Age pyramid for Creek County, Oklahoma, based on census 2000 data.

As of the census[6] of 2000, there were 67,367 people, 25,289 households, and 19,017 families residing in the county. The population density was 70 people per square mile (27/km²). There were 27,986 housing units at an average density of 29 per square mile (11/km²). The racial makeup of the county was 82.27% White, 2.56% Black or African American, 9.08% Native American, 0.27% Asian, 0.03% Pacific Islander, 0.63% from other races, and 5.16% from two or more races. 1.90% of the population were Hispanic or Latino of any race.

There were 25,289 households out of which 34.80% had children under the age of 18 living with them, 60.10% were married couples living together, 10.90% had a female householder with no husband present, and 24.80% were non-families. 21.60% of all households were made up of individuals and 9.40% had someone living alone who was 65 years of age or older. The average household size was 2.64 and the average family size was 3.06.

In the county, the population was spread out with 27.40% under the age of 18, 8.00% from 18 to 24, 27.30% from 25 to 44, 24.50% from 45 to 64, and 12.80% who were 65 years of age or older. The median age was 37 years. For every 100 females there were 96.00 males. For every 100 females age 18 and over, there were 92.90 males.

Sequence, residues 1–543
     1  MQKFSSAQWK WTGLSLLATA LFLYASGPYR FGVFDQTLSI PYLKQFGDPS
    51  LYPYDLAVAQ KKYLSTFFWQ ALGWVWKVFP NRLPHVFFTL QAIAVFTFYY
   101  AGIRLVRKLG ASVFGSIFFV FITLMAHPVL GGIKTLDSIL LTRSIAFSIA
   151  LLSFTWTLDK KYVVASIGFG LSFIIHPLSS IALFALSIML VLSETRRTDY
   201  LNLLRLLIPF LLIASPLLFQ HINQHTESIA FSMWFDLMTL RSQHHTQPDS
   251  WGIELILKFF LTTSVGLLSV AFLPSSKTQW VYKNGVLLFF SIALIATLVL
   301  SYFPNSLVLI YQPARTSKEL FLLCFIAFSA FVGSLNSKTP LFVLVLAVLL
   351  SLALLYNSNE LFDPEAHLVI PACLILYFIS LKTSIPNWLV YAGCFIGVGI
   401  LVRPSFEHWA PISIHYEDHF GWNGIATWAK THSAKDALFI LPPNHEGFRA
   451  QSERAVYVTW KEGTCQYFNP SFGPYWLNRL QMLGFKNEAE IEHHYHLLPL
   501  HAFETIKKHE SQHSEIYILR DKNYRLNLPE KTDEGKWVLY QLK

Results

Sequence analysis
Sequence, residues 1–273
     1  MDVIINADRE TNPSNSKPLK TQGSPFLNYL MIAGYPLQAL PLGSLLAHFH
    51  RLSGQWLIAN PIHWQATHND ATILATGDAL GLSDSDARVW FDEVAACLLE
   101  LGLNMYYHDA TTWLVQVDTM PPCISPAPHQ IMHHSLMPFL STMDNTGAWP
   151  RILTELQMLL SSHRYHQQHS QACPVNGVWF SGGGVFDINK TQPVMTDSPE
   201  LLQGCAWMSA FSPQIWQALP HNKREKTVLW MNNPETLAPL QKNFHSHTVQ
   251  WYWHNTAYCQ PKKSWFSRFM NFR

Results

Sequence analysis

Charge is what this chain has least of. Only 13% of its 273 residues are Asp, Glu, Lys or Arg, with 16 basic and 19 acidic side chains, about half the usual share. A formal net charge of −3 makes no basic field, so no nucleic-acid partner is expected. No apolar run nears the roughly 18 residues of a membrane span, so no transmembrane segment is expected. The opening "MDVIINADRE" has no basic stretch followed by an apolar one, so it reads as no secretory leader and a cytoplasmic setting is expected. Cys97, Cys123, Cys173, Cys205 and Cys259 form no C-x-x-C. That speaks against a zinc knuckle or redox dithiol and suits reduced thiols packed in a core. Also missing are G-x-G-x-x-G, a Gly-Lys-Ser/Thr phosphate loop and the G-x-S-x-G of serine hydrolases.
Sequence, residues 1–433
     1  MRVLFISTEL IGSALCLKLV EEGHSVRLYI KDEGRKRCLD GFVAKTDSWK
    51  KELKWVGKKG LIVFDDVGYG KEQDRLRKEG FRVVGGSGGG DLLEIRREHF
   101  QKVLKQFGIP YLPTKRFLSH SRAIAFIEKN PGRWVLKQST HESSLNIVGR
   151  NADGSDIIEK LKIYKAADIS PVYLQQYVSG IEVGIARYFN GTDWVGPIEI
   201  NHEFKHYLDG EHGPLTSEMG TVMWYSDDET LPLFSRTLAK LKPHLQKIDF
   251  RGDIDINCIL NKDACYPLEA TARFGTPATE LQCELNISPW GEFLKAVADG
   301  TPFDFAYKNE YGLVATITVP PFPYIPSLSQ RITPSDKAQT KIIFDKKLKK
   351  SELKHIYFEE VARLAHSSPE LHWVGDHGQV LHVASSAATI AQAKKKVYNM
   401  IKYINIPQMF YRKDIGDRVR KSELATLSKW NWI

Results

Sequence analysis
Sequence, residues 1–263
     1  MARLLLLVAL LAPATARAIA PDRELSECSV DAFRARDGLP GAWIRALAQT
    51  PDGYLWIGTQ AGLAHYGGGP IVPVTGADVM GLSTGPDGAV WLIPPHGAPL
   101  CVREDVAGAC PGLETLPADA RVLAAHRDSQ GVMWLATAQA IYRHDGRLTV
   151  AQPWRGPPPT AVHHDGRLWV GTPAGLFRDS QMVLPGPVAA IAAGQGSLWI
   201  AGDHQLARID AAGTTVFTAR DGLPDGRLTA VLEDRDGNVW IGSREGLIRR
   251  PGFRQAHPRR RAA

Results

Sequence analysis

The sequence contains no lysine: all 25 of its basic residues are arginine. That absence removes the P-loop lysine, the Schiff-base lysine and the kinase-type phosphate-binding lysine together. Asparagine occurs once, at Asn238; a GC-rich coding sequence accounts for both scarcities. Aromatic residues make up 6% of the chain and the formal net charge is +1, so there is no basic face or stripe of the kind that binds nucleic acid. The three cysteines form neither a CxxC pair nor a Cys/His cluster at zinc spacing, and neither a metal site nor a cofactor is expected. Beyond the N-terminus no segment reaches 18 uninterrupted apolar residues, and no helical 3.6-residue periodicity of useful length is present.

The median income for a household in the county was $33,168, and the median income for a family was $38,470. Males had a median income of $31,190 versus $21,690 for females. The per capita income for the county was $16,191. About 8% of families and 13.50% of the population were below the poverty line, including 17.20% of those under age 18 and 14.10% of those age 65 or over.

Voter Registration and Party Enrollment as of January 15, 2012[7]
Party Number of Voters Percentage
  Democratic 16,358 44.35%
  Republican 16,785 45.50%
  Unaffiliated 3,745 10.15%
Total 36,888 100%

Politics[edit]

Presidential election results[8]
Year Republican Democrat
2008 70.82% 20,187 29.18% 8,318
2004 65.50% 18,848 34.50% 9,929
2000 57.20% 13,580 41.08% 9,753

Communities[edit]

Cities and towns[edit]

Unincorporated communities[edit]

NRHP Sites[edit]

The following sites in Creek County are listed on the National Register of Historic Places:

References[edit]

  1. ^ a b "State & County QuickFacts". United States Census Bureau. Retrieved November 8, 2013. 
  2. ^ "Find a County". National Association of Counties. Retrieved 2011-06-07. 
  3. ^ a b c d e Wilson, Linda D. Encyclopedia of Oklahoma History and Culture. "Creek County." [1]
  4. ^ "US Gazetteer files: 2010, 2000, and 1990". United States Census Bureau. 2011-02-12. Retrieved 2011-04-23. 
  5. ^ "U.S. Decennial Census". Census.gov. Retrieved November 8, 2013. 
  6. ^ "American FactFinder". United States Census Bureau. Retrieved 2008-01-31. 
  7. ^ http://www.ok.gov/elections/documents/reg_0112.pdf
  8. ^ "Dave Leip's Atlas of U.S. Presidential Elections". Retrieved 2011-06-11. 

External links[edit]

Coordinates: 35°54′N 96°22′W / 35.90°N 96.37°W / 35.90; -96.37